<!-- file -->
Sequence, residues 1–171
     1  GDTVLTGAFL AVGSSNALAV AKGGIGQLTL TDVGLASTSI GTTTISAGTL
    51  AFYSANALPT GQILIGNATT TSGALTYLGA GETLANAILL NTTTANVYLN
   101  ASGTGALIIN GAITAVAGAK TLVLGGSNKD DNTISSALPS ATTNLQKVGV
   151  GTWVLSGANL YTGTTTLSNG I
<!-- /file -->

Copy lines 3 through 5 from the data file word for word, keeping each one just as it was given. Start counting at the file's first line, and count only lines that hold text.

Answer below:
    51  AFYSANALPT GQILIGNATT TSGALTYLGA GETLANAILL NTTTANVYLN
   101  ASGTGALIIN GAITAVAGAK TLVLGGSNKD DNTISSALPS ATTNLQKVGV
   151  GTWVLSGANL YTGTTTLSNG I